Winklevoss Twins: Democrats’ Anti-Crypto Stance Risks Alienating Key Youth Voters

Democrats Risk Losing Crucial Youth Voters in Their Stance Against Crypto, Warn Winklevoss Twins

The Democratic Party’s ongoing “war on crypto” may result in a significant loss of support from young voters, who are both the biggest adopters of cryptocurrency and a key demographic that largely supported Democrats in the previous election, caution the Winklevoss twins.

Cameron Winklevoss, the co-founder of Gemini, a prominent cryptocurrency exchange, took to Twitter on June 10 to express his concern that the Democrats’ anti-crypto stance would “alienate an entire generation” of vital youth voters. He specifically called out Senator Elizabeth Warren and Gary Gensler, the nominee for the Securities and Exchange Commission Chair appointed by President Joe Biden.

Tyler Winklevoss, Cameron’s twin brother and co-founder of Gemini, echoed these sentiments in a tweet on June 11, asserting that Warren and Gensler’s perceived “war” on crypto would lead to the Democrats’ defeat in the 2024 election.

Under Gensler’s leadership at the SEC, there has been an increase in regulatory actions targeting the crypto industry, while Senator Warren has exhibited signs of assembling an “anti-crypto army.”

With the upcoming presidential election on November 5, 2024, which also includes races for the House of Representatives and the Senate, the Democrats cannot afford to overlook the significance of youth voters. In the 2022 midterm elections, 63% of surveyed young voters, aged 18 to 29, cast their ballots in favor of Democrats, compared to 35% for Republicans, making them a crucial voting bloc.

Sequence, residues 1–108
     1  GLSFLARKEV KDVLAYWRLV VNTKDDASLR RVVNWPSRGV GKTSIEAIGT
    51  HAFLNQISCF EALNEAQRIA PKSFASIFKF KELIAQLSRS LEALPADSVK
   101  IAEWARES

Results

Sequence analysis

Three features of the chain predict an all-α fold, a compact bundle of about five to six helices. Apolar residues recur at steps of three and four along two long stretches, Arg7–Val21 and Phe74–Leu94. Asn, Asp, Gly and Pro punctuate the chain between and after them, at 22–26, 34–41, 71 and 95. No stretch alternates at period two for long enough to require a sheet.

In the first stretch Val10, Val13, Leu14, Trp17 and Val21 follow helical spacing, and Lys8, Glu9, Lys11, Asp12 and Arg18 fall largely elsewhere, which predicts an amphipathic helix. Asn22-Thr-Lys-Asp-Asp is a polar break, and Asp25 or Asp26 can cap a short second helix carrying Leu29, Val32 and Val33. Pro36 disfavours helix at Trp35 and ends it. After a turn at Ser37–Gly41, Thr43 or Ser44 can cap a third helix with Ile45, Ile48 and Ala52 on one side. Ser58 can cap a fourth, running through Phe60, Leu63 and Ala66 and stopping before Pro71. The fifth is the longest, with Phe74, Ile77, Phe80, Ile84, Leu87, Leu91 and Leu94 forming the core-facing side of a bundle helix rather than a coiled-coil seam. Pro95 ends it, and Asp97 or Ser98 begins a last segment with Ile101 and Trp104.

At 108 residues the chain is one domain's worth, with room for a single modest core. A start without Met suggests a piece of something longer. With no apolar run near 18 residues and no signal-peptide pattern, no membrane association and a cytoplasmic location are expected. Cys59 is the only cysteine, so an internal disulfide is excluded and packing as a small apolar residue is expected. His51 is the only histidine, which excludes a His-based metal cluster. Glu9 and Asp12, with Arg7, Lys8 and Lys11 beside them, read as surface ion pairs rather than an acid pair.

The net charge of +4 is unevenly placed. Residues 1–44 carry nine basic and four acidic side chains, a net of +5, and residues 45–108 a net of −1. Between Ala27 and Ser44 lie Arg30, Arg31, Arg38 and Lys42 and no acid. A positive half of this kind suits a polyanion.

Coincidentally, this same age group represents the largest portion of crypto users and investors, with a Pew Research report from April revealing that 28% of Americans aged 18 to 29 have engaged with or invested in cryptocurrencies at some point.

However, it remains unclear how vital crypto policy is to young voters in comparison to other pressing issues. A January survey by Pew on policy priorities, conducted before the banking crisis in March, indicated that strengthening the economy took precedence for individuals aged 18 to 29, ranking second after improving education. Notably, cryptocurrency regulation did not make it into the top 21 policy items listed in the survey.

Nevertheless, certain presidential candidates from both sides of the political spectrum have made their positions on crypto policy clear. Republican hopeful Ron DeSantis and Democratic contender Robert F. Kennedy Jr., for instance, have expressed pro-crypto views.

It is worth noting that the Winklevoss twins have made contributions to campaigns for both Republican and Democratic nominees, as indicated by data from OpenSecrets, a lobbying tracking site.

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